After agreeing to the constitution demanded by liberal revolutionaries in 1849, restoring his power base in Austria, Franz Josef crushed a nationalist rising in Hungary by inviting Tsar Nicholas I to send 200,000 Russian troops into the rebellious kingdom – one of the high watermarks of the Concert of Europe, the reactionary diplomatic system created by Metternich to prop up the continent’s old dynasties following the upheavals of the French Revolution and Napoleon. 

Following the defeat of the Hungarian revolution, however, Franz Josef was willing (as he would show himself many times in the decades to come) to compromise in order to preserve the core institution of the monarchy amid the earth-shaking developments resulting from the spread of nationalism across Europe. 

In 1859 Austria lost the kingdom of Lombardy-Venetia to the new-forming nation of Italy, causing a long-standing grudge, which their membership in the Triple Alliance did nothing to allay (ironically Franz Josef’s ill-fated heir, the Archduke Franz Ferdinand, though the empire would go to war with Italy before Serbia). 

But no event was more fateful for Austria-Hungary, or Europe, than the creation of a new German state by Prussia led by chancellor Otto von Bismarck, who united the independent German kingdoms by force under Prussian rule with a series of short wars, successfully overcoming opposition by Austria and the German Confederation in 1866, and France in 1870-1. Austria’s stinging defeat damaged Vienna’s prestige and stirred up a new Hungarian national movement by the aristocratic Magyars; with the compromise of 1867, Franz Josef conceded the Hungarians their own constitution, giving rise to the unusual Dual Monarchy that would unite the “kaiserlich und königlich” (Imperial and royal) realms of Austria-Hungary somewhat awkwardly for the rest of its existence.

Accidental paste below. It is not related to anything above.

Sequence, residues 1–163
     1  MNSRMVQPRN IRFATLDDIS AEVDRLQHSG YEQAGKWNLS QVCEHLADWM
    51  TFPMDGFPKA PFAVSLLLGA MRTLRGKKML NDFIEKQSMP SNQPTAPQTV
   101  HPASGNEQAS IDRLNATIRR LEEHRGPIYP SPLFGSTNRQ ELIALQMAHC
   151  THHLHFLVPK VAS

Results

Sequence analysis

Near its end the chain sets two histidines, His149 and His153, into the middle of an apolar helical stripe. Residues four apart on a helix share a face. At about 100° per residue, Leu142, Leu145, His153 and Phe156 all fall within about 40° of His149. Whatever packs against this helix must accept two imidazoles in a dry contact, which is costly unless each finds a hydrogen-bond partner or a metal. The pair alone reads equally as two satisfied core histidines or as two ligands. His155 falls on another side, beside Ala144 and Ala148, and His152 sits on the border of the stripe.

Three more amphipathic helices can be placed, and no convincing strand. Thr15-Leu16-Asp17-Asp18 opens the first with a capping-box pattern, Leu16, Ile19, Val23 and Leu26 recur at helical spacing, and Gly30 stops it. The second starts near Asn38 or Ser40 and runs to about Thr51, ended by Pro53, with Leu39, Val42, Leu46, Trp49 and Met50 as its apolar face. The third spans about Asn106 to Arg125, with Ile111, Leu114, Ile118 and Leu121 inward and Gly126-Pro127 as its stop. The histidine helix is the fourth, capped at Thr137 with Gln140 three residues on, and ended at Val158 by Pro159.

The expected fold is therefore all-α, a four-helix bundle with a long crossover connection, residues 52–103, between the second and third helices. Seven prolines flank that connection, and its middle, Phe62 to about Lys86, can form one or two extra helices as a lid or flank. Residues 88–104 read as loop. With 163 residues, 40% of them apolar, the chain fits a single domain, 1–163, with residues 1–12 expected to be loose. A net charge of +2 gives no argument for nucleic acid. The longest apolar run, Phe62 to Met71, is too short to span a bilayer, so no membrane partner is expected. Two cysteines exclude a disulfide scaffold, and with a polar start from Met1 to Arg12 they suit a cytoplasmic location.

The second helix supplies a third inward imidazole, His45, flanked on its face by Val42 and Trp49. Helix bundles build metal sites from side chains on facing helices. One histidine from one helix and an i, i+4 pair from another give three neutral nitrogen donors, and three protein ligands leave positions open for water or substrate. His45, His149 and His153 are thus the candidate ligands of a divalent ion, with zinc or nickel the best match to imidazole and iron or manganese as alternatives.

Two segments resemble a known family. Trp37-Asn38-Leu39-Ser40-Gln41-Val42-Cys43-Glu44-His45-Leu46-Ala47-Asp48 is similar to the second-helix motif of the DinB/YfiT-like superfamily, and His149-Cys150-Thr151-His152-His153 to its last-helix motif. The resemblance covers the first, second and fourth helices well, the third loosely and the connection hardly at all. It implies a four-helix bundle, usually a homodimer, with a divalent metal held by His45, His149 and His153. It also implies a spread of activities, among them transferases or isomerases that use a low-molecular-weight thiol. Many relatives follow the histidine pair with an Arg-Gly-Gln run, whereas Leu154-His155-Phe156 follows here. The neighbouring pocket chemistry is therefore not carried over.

With the rise of Germany as a leading industrial power in the remaining years of the century, Austria transitioned from defeated foe to junior partner in central Europe – a diplomatic demotion which Franz Josef accepted graciously enough, although he found Germany’s Kaiser Wilhelm II rude and overbearing. Personal tragedy struck in 1889 with the suicide of Franz Josef’s son and heir Rudolf, who killed himself in a suicide pact with his mistress Mary Vetsera, leaving the crown (unexpectedly, again) to the emperor’s nephew Franz Ferdinand.